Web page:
Nutritionists and health experts have repeatedly warned that the UK is facing an obesity epidemic.
However British frozen foods retailer, Iceland, recently unveiled a 9in double decker pizza which contains 1,780 calories - almost the full daily recommended calorie intake for women.
Costing as little as £3, the 699g (24.5oz) Double Decker Double Pepperoni Pizza contains 9.6g of salt, more than one-and-a-half times the amount advised for both men and women.
It also contains 54.4g of fat, of which 20.8g is saturated - the quantity being close to 80 per cent of the recommended 25g daily consumption allowance for women.
According to the National Health Service (NHS) the daily calorie intake is about 2,000 calories for women and about 2,500 calories for men. That means the double decker pizza accounts for nearly 90 per cent of a woman's daily calorie allowance and 70 per cent for men.
The double decker consists of a double layer stonebaked pizza, filled with a sweet chilli sauce, topped with tomato sauce, mozzarella cheese, and pepperoni.
Critics claim that because of its small size, many consumers will assume the pizza is intended for one person.
As reported in the Daily Mail, Tam Fry of the National Food Obesity Forum and Child Growth Foundation said the problem with the 9in pizza is that to many, it will look like and be eaten as a single serving. "This is extremely worrying, especially as it's price is not beyond the reach of a lot of children. I have nothing against pizza per se - if they are well made they can be perfectly healthy and very tasty - but something like this is a great concern."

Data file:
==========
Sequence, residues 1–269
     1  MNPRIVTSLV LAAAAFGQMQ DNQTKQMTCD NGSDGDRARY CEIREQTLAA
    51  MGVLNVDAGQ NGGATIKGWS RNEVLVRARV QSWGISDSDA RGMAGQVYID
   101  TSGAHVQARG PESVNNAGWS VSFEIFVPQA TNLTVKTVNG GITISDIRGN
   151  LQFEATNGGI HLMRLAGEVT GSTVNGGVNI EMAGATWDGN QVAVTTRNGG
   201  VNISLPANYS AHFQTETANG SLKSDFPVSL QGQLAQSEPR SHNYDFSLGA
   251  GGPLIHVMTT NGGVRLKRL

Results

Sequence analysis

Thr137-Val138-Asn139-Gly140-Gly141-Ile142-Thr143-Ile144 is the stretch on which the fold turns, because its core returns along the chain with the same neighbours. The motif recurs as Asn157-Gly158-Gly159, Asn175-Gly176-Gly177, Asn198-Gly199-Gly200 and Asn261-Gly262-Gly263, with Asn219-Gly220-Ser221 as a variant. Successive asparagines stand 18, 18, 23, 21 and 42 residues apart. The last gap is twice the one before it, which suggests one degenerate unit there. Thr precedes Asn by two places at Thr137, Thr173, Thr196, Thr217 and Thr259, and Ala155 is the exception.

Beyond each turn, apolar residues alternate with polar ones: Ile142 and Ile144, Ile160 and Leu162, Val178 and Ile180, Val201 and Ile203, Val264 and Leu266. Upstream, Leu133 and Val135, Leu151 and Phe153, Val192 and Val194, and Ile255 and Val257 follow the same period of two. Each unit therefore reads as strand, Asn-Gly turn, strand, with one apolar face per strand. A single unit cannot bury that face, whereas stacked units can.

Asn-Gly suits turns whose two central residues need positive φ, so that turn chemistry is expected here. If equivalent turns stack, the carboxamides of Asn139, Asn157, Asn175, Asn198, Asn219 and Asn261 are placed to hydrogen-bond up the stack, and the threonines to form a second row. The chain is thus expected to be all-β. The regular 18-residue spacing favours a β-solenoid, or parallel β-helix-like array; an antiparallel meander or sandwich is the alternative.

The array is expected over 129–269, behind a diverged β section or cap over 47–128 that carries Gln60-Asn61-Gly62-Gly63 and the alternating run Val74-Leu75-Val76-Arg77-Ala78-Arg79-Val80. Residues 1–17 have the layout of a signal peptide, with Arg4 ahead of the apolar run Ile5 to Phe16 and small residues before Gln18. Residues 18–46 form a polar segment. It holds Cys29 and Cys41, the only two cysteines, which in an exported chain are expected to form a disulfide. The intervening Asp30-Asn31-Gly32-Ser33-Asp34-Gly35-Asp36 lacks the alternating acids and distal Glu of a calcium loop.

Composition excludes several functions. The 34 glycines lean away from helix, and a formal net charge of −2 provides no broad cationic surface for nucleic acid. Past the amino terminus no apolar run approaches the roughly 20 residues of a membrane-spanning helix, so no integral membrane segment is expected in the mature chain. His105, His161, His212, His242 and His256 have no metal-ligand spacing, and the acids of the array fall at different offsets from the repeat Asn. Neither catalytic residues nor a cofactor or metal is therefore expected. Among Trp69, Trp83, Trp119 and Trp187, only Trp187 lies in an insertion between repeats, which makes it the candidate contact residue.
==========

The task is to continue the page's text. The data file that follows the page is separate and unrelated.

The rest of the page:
But a spokesperson for the supermarket chain has defended what they call a "fantastic innovation" stating advertisements for the pizza - which feature former X Factor singer Stacey Soloman - show that "it is designed as a product to be shared among family and friends."
Sian Porter from the British Dietetic Association said foods like the double decker pizza should be eaten as a treat or balanced with some vegetables or a green salad. "At that amount of calories, it should be for sharing," she said.
"It's a double-decker pizza so [people should assume] it's double the amount of food they'd normally have. Shoppers need to have a look at what else is out there and be aware of what you're buying."
"It's about educating people to make healthier choices. [Shoppers should] look at what else is available. There's such a huge choice of healthy foods and we can eat smart and in ways to satisfy ourselves," said Ms Porter.
Nutrition Scientist at British Nutrition Foundation, Bridget Benelam, said it is important in today's society, where we are buying more pre-prepared food and eating more outside of the house, that we make smart food choices. "It does put the onus on us to check those foods, including their calorie content."
While there's no harm in indulging once in a while, said Ms Benelam, foods that contain excessive calories no longer become a treat so people need to be aware of what they are consuming. "There is a lot of difficulty in establishing what a serving size actually is... it's very subjective when it comes to portion sizes and we need to be careful."
Ms Benelam suggests checking the calorie totals on nutritional information guides on packs and assessing whether they are similar to calorie contents for same products. In most instances, Ms Benelam advises selecting the product with fewer calories particularly where they might yield a high fat content as seen in products with a large amount of cream or cheese, for instance.